George William Curtis

Staten Island had been privileged to have a number of residents over the years with such great talents. This resident, in particular, was an American Author, journalist, public speaker, and statesmen. He is also the person Curtis High School was named after.

George William Curtis was born in Providence, Rhode Island, February 24th, 1824.  Most of his family was of Massachusetts’s descent. His father, George, was born in Worchester, Rhode Island, and had an ancestor who was the amongst the first settler. George’s mother, Mary Elizabeth, was the daughter of James Burill, Jr., a chief justice of Rhode Island and, later on, served as a United States Senator representing Rhode Island in 1817 to 1820.

In 1830, Curtis, age 6, attended boarding school in Jamaica Plain, near Boston, where he stayed for four years. He wrote about his school days in early chapters of his novel "Trumps".

When his mother passed away in 1839, his father moved the family to New York. Curtis' father hoped his son would focus and pursue the mercantile career. Curtis attended private tutoring for a year and became a clerk in a German importing House in Exchange Place.  However, he was not fond of this career. He loved literary and reading.

After a year of working at the importing house, he moved to Massachusetts and joined his older brother to work on Brook Farm. His brother and he stayed with the Brook Farm company until 1844, then went to Concord, Massachusetts for studying and farming.

During this time, Curtis met and became lifelong friends with Ralph Emerson, Nathaniel Hawthorn, and Henry Thoreau. In his novel "Homes of American Authors", he includes notes of his friendship with them, referring to them as "the philosopher, the romancer, and the hermit".

In 1846, Curtis began traveling the world, taking the transatlantic crossing (the Atlantic Ferry) from America to Europe, where he spent four years traveling through Italy, Germany, Switzerland, and Egypt.

He returned back from Europe in 1850 ready to drive into his literacy craving. He resident on Staten Island and adopted to the New York Lifestyle. His writing was posted in "Courier and Enquirer", "The Tribune", and "Harper's Monthly". He wrote his "Niles Notes" and it was published by Harpers in 1851, then "Howadji in Syria" was published in 1852. In 1853, he helped his friend George Palmer Putnam start a magazine, "Putnam's Monthly", in which he wrote for and became an associate editor. During his first year at "Putnam's Monthly", he wrote "Homes of American Authors", "The Potiphar Papers" about New York society, and "Prue and I". However, by 1857, the magazine publishing closed down.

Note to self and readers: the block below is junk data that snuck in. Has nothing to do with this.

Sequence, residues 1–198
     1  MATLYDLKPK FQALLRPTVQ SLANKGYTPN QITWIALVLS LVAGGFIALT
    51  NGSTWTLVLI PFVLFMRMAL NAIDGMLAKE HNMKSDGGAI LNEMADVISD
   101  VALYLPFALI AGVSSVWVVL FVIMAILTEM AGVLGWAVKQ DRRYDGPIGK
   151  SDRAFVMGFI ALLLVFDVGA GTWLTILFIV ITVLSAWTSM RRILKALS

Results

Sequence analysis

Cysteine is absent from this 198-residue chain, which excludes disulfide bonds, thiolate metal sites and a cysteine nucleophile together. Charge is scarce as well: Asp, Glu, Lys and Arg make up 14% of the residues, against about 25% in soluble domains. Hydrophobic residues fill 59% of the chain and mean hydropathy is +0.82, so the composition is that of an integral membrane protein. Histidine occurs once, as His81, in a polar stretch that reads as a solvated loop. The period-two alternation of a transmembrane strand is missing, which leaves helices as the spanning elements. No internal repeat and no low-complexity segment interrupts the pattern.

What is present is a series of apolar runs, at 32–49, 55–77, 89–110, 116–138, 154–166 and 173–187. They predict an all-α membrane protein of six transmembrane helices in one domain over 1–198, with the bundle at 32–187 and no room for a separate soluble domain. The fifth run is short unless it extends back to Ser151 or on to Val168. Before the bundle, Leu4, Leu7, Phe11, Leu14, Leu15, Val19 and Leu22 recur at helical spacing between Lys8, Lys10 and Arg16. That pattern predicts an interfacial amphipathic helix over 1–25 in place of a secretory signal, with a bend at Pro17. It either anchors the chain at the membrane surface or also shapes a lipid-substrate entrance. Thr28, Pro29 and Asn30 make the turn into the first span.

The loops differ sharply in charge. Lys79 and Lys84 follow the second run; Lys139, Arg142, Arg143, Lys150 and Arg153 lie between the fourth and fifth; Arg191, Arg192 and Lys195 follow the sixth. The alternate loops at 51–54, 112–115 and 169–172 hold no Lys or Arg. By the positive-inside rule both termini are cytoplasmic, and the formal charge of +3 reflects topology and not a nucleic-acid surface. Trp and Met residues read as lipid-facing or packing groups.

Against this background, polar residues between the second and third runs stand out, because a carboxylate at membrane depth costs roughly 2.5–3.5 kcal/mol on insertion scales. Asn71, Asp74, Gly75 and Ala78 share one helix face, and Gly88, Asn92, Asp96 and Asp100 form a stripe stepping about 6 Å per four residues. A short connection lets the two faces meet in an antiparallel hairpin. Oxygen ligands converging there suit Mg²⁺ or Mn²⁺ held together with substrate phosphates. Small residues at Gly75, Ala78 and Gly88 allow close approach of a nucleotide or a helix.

He went back the "Harper's Weekly", continuing to publish pieces, such as "Easy Chair" and "The Lounger", all while doing lecturers at the universities and committees. His first important speech was in 1856 at Wesleyan University, he engaged actively in John C. Fremont's presidential campaign of that year (the Republican campaign's headquarters were located not far from his Staten Island home), and was soon recognized not only as an effective public speaker, but also as one of the ablest, most high-minded, and most trustworthy leaders of public opinion.

During this time, the question of slavery was becoming absorbed by the public eye and a theme in the press. Curtis effectively noted on the northern society by the slave power and called attention to the "evil influence".  In 1862, Curtis delivered his "Doctrine of Liberty" address to the Phi beta Kappa Society at Harvard, on behalf of President Lincoln. In 1863, he became the political editor of "Harper's Weekly".

In 1871, he was appointed by President Ulysses S. Grant to chair the commission on the reform of the civil service. He served on the Republican Party until 1884. In April of 1892,  he delivered his eleventh annual address as president of the National Civil Service Reform League at Baltimore. He made his last public appearance in May 1892.

Curtis was one of the original members of the Board of Education for New York City; he advocated educational reforms. He was also a member and frequent speaker at the Unitarian Church on Staten Island. A high school founded in 1904, located on Hamilton Avenue in St. George was named after George William Curtis. Curtis High School sits not too far away from Curtis' home.

Curtis was married to a daughter of Mr. Robert G. Shaw.  For many years he had lived in West New Brighton, Staten Island, and spent the Summers vacationing  in Massachusetts. On August 31st, 1892, George William Curtis had passed away.

Return to Famous Staten Islanders